Task 3: Roles and Responsibilities Home Study Written Task Introduction This task prepares you for working in a school. It covers key aspects of schools as organisations. This includes the structure of the education system, the roles and responsibilities of key members of the school team and the purpose of school ethos, mission statement and aims and values. Assessment You can either use the templates that follow to record your work, or produce your own. You will be assessed on your knowledge and understanding, through your assessor looking at your written records.
My role there is to work under the teaching and senior staff, usually in the classroom with the teacher, to support learning for students and to give general support to the teacher in managing the children and the classroom. I also have to take
Unit 1: Preparing to teach in the lifelong learning sector Section 1: Understand own role, responsibilities and boundaries of role in relation to teaching. Explain your role, responsibilities and boundaries as a teacher Role: the function assumed or part played by a person or thing in a particular situation, Planner, designer, reviewer, scheduler, organiser, researcher etc. * Creating / facilitating opportunities for learning * Plan lessons, find and prepare materials, do research, assess learners and yourself * Keep records: lesson plans, attendance, assessment. Responsibilities: a thing which one is required to do as part of a job, role, or legal obligation It is the responsibility of the teacher to plan and design a course, which meets the needs of the learners and requirements of the course. Most teachers/trainers will be responsible for designing their own courses.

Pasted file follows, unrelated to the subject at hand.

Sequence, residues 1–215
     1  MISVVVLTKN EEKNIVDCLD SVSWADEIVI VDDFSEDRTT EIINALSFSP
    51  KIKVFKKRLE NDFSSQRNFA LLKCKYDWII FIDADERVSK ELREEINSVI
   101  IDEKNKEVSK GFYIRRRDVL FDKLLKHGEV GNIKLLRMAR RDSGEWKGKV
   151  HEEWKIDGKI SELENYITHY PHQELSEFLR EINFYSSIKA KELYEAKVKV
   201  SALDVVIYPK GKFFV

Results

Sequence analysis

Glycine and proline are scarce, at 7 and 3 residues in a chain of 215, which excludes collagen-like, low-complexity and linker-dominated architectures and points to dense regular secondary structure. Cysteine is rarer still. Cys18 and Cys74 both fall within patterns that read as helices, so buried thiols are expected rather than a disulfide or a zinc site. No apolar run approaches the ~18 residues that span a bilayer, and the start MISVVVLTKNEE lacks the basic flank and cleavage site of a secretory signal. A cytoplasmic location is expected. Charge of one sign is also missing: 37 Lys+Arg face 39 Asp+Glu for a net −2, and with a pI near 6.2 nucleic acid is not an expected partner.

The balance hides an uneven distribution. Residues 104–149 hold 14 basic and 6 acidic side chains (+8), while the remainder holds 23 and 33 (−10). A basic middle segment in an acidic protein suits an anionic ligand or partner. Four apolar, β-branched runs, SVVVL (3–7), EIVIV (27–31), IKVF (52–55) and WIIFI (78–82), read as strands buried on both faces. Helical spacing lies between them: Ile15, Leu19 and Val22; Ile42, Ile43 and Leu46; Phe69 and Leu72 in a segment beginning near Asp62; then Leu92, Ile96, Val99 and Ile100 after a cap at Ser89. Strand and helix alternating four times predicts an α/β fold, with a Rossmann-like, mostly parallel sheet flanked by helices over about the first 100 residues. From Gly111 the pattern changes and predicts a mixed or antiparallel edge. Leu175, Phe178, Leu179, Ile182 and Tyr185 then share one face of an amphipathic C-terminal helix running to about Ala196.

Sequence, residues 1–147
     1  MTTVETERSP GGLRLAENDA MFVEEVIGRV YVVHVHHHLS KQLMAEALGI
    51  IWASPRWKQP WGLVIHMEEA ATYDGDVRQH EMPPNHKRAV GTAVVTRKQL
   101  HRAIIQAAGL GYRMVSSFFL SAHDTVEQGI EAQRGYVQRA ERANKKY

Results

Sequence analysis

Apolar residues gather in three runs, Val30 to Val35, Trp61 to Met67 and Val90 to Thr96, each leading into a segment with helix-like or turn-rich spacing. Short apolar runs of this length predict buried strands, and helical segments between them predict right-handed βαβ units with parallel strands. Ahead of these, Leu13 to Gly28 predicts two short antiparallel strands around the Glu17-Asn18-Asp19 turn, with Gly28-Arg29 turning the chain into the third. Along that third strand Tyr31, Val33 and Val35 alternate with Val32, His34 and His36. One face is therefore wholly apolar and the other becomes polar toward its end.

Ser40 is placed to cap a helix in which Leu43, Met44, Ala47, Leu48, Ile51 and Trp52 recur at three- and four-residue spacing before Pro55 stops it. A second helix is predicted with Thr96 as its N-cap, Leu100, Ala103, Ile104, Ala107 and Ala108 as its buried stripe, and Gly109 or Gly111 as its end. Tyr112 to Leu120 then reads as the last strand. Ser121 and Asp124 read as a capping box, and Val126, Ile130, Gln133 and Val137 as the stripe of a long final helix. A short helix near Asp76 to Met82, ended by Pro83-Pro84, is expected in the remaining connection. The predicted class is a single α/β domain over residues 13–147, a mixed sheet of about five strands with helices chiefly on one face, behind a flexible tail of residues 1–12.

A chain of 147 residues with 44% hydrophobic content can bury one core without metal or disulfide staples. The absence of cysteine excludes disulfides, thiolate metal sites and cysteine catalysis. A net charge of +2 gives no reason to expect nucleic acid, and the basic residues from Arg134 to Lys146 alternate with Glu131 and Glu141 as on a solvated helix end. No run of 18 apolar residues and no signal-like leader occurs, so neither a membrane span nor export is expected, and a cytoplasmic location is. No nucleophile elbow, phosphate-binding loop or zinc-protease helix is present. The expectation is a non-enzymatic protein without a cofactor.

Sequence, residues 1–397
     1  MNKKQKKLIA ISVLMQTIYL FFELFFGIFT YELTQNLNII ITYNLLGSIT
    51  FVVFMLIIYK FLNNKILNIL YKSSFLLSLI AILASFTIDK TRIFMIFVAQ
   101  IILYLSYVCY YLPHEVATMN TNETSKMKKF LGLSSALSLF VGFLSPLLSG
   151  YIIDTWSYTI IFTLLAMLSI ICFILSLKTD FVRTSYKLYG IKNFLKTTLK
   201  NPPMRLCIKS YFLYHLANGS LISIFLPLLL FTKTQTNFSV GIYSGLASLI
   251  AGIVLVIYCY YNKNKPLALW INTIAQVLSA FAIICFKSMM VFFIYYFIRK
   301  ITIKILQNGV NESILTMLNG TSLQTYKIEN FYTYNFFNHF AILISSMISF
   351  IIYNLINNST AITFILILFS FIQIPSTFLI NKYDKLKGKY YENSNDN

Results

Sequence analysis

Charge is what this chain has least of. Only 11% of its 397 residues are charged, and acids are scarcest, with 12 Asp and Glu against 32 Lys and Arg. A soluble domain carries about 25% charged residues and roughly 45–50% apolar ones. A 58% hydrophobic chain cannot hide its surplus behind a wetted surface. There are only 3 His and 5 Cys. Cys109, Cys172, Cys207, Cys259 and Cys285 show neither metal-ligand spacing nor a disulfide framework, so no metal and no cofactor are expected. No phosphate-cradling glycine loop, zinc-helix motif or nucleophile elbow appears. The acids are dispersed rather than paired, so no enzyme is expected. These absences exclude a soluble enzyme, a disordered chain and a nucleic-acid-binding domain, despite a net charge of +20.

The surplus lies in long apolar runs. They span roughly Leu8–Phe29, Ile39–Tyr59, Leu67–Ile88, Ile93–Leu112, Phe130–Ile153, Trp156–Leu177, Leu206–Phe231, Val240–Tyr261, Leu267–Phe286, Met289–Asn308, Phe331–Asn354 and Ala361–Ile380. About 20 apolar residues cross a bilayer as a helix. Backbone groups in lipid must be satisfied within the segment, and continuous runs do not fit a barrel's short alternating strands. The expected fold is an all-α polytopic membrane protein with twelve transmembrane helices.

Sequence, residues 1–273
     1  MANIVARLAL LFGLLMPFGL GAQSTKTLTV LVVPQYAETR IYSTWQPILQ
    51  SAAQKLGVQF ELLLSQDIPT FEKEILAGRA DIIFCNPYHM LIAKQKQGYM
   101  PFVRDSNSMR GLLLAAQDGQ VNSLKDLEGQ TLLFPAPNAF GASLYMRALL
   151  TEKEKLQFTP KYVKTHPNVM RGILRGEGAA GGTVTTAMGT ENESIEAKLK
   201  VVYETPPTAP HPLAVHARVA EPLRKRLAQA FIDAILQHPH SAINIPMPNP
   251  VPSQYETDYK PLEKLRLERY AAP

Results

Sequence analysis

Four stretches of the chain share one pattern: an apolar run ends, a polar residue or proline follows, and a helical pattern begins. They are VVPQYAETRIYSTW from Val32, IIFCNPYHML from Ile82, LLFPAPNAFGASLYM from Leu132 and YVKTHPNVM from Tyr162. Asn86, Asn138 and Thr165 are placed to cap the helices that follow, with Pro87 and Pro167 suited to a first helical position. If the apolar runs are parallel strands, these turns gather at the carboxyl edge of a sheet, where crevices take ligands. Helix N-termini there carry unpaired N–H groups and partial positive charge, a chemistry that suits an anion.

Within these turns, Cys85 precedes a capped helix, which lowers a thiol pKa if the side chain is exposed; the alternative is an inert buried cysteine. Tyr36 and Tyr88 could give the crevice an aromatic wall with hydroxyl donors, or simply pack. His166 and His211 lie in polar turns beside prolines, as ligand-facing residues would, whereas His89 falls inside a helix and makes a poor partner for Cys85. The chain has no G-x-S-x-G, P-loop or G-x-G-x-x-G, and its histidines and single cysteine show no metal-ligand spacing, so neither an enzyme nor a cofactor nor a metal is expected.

This will ensure that every student has the highest possible chance of success. • Plan and design The roles here is to be an organiser and researcher. It's a teacher’s responsibility to plan and design a course in such a way as to ensure that it meets the specific needs of the learners. Some courses are constrained by the subject of the material and can only be delivered in a certain manner. Following a syllabus becomes essential as it enables the teacher to map the learning outcomes, and the aims
Quite often a TA is responsible for supervising the pupils at playtimes, on school outings, or just generally in the classroom and also offering additional support to the teaching staff in all areas. A TAs list of duties can be quite varied depending on the school, staff and what is expected. The Teacher The teacher’s role is to be in complete control of their class, preparing lessons, and supervising the staff/visitors in the classroom. A teacher will prepare individual pupil targets and give direction to other staff in the class room. When disciplinary action needs to be taken normally the teacher in charge
According to Wilson (2009), roles describe functions of teachers. These could include: planning and preparation for the running of the class; designing different and interesting ways to deliver the lesson; assessing (evaluating) the impact of the learning and whether it has been transferred to the learner; maintaining a safe teaching/learning environment; marking the work of learners; giving constructive feedback; and record keeping. There is more detail on the types of records teachers need to maintain in the attached learning pack under ‘Teaching/training cycle’. As well as compliance with legislation and regulations i.e. Health and Safety and those of awarding bodies regarding standards of work or teaching (where there is no room for negotiation), ground rules can be created in a variety of ways i.e.